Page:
Fish Facts: Chain Pickerel (Esox niger)

HomeFishingKnives

Fish Facts: Chain Pickerel (Esox niger)

The classic chain pattern and dark bar below the eye are good ways to identify the chain pickerel.Image courtesy NYS DEC via CC 2.0 Northern p

Video: How to Fish a New Steelhead Run
Indefinite Bear Hunting Ban in California Rejected
Gear Review: Abu Garcia Rod Racks

The classic chain pattern and dark bar below the eye are good ways to identify the chain pickerel.
Image courtesy NYS DEC via CC 2.0

Northern pike are considered one of the premier big-game targets for fly fishers, but they can be tough to find and catch and live mostly in northern waters. Chain pickerel are generally smaller, but they are much more widespread in the Eastern half of the U.S. and provide very similar action—displaying a willingness to chase down flies and destroy them with reckless abandon. There are few things more exciting in warmwater fly fishing than watching the v-wake of a fish shoot out of a weed bed to intercept your topwater pattern, and the impact is usually splashy and violent. Just make sure that your terminal tackle is rigged to deal with the species’ sharp teeth, which pose a danger to the person trying to remove the hook, as well.

Pickerels and Pikes

Chain pickerel are members of the Esox genus, which includes the pikes, muskellunge, and two other pickerels—grass pickerel (Esox americanus vermiculatus) and redfin pickerel (Esox americanus americanus)—which are related subspecies of American pickerel (Esox americanus). Chain pickerel often inhabit the same waters as other pickerels and pikes, but they are usually easy to identify by the distinctive chain pattern along the body, as well as colors that are much lighter than those of a pike. Both American pickerels have dark bands along the sides, and the redfin pickerels have, as you might imagine, red fins. As the most widespread of the pickerels, chain pickerel have acquired a host of nicknames, including “federation pike,” “southern pike,” and “grass pike,” all of which serve to confuse the pickerel with its larger cousin. In the south, pickerel are often called “jacks” or “jack fish.”


Chain pickerel can be found from the deep south to Maine, and in some Midwestern waters.
map by USGS

Range and Behavior

The native range of the chain pickerel extends along the Atlantic Slope, from southwestern Maine to southern Florida and west along the Gulf of Mexico to extreme Eastern Texas. In the south, the species inhabited the Mississippi River Basin as far north as Missouri. Introductions of chain pickerel have extended this range as far north as Brunswick and west to the lower Great lakes and as far as Colorado, but it is still a predominantly Eastern species.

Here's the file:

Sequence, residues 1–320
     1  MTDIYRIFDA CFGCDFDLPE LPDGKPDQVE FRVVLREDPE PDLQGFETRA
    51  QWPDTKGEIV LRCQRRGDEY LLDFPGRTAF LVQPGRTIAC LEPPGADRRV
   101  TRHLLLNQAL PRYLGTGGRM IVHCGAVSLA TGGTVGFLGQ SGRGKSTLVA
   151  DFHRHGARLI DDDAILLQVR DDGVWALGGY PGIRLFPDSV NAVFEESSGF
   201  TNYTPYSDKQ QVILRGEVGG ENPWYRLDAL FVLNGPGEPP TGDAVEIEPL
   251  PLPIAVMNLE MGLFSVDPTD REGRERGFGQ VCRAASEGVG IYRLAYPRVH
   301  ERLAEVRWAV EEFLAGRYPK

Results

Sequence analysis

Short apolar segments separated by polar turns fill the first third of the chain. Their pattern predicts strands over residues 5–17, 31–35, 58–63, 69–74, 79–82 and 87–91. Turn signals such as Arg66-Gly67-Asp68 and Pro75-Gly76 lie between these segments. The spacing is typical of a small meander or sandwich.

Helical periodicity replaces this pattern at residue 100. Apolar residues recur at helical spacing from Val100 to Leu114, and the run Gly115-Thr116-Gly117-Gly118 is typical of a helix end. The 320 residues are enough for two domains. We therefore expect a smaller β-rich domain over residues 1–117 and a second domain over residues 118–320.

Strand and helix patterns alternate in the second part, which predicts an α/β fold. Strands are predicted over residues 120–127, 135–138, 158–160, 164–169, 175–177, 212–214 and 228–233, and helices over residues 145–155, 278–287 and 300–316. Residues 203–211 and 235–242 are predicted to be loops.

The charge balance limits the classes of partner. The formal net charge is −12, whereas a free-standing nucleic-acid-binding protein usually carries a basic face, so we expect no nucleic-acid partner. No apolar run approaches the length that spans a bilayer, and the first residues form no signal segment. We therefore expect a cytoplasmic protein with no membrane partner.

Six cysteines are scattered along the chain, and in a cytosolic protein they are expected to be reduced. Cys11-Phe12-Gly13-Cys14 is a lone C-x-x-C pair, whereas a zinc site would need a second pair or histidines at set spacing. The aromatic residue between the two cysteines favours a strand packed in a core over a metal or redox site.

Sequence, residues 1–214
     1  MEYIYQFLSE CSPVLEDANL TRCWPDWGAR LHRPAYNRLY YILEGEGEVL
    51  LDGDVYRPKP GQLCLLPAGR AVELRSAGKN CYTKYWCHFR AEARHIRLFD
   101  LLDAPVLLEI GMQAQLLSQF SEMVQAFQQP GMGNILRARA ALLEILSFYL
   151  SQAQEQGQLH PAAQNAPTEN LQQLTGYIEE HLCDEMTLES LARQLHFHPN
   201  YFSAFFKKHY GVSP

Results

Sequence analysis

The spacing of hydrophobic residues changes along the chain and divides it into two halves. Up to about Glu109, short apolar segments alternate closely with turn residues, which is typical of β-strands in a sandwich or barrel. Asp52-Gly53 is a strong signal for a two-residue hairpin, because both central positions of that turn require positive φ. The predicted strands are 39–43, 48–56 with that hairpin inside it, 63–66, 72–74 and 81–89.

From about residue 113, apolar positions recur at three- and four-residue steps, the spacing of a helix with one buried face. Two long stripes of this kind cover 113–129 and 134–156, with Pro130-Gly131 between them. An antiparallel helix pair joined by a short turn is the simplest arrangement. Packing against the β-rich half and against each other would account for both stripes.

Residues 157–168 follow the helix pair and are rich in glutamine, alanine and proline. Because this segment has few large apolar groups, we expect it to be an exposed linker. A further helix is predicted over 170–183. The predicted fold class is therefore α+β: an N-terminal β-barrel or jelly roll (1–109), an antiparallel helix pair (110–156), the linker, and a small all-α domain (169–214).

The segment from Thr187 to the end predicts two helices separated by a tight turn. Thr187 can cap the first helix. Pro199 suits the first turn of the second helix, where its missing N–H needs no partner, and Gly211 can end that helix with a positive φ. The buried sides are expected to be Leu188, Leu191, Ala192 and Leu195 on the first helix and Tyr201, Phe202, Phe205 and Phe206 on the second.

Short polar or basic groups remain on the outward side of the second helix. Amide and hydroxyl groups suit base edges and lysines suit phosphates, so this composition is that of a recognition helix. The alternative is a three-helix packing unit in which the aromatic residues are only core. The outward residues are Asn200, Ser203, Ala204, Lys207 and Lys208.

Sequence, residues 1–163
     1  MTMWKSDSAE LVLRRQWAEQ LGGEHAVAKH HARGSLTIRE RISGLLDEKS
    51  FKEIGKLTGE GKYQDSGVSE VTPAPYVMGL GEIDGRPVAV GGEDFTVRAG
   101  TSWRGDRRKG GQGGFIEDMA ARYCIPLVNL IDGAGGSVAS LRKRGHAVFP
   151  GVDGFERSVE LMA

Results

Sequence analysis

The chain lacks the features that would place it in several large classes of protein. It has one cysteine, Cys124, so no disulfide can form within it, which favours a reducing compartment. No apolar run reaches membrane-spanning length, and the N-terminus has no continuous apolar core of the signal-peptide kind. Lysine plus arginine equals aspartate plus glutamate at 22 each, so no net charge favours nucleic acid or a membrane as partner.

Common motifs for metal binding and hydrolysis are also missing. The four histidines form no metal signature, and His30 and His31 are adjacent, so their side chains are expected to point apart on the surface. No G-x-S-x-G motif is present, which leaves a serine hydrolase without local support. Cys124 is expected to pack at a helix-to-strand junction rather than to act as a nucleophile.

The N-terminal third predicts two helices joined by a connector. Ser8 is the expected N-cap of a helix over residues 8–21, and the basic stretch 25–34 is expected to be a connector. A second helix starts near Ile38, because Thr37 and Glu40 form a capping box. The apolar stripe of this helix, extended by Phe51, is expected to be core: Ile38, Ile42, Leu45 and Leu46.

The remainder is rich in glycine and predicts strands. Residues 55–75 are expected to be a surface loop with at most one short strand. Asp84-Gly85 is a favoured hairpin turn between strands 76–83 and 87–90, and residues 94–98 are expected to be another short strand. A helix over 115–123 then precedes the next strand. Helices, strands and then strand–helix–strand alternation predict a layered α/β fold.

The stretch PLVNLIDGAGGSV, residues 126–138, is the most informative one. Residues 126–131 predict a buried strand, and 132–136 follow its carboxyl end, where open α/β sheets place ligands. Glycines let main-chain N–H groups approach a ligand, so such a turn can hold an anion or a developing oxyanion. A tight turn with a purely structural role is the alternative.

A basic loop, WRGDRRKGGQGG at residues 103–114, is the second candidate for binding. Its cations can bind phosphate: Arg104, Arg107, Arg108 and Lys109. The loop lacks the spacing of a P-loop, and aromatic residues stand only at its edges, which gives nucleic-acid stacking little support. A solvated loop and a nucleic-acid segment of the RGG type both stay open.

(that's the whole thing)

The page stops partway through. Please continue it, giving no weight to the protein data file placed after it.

Chain pickerel inhabit weedy areas of lakes, swamps, and slow-moving sections of rivers, and they’ll also hold near other kinds of structure that provide cover for their ambush-style hunting. During the warmest part of the year, they may abandon weed beds for deeper water, much like pike. Pickerel can tolerate warm water (preferring 75 to 80 degrees), as well as high acidity and even salinity. In fact, chain pickerel have been known to enter brackish water in winter.

Pickerel are solitary fish, hunting by sight, and rarely travel far for food. Instead, you’ll usually find them hiding in aquatic vegetation, holding motionless until they ambush their prey. The ability to go from 0 to 60 in the blink of an eye is what makes them such successful predators, and they secure their prey with their needle-like teeth. Although smaller pike will eat invertebrates, and can even be seen leaping after flying insects, they soon turn their attention to smaller fish, frogs, crayfish, and even mice.

This pickerel ate a streamer on a very fast retrieve in a Vermont lake.
Photo by Maria Cunningham

Spawning occurs in early spring, when water temperatures hit about 50 degrees. The female deposits the eggs in ribbon-like strips that adhere to submerged structure. She does not build a nest, nor does she stay with the eggs. After hatching, pickerel grow quickly, reaching 14 inches by their third year. Chain pickerel become sexually mature after four years, when they are usually 15 to 17 inches long.

Records and Trophies

Although chain pickerel are popular game fish throughout their range, they are prized more for their aggression than for their size. In most places, a pickerel over 20 inches is considered a good fish, and catching one over 5 pounds is something worth crowing about. The world-record chain pickerel was a 9-pound, 6-ounce fish caught in 1961 in Homerville, Georgia, by an angler with the fantastic name Baxley McQuaig Jr. (By comparison, the world record pike weighed just over 55 pounds, and the biggest grass and redfin pickerel were 1 pound and 2 pounds, 4 ounces, respectively.) Most chain pickerel fall in the 1- to 3-pound range, and they fight hard before coming to hand. The All-Tackle Length Fly world record–caught just last February on Maryland’s Severin River–was just under 21 inches.


Flies and Tactics
Chain pickerel are ambush predators, usually holding tight to structure or in weed beds and facing outward, toward deeper water, waiting for prey to swim by. Topwater flies that move a lot of water can be very effective, and watching a pickerel destroy a fly on the surface is an exciting visual experience. Experienced anglers do not set the hook on the strike, however, as pickerel often either miss the fly or smack it without getting hooked. In these cases, the fish will often turn and attack a second time. Subsurface patterns should imitate baitfish, and flies with erratic action and rattles will draw more strikes.

Effective topwater flies include Dahlberg Divers, Foam Divers, or Gurglers, while subsurface bait patterns such as Deceivers, Rattlin’ Baitfish, Bendbacks, and Pike Bunnies will draw strikes.

Source Link

COMMENTS

WORDPRESS: 0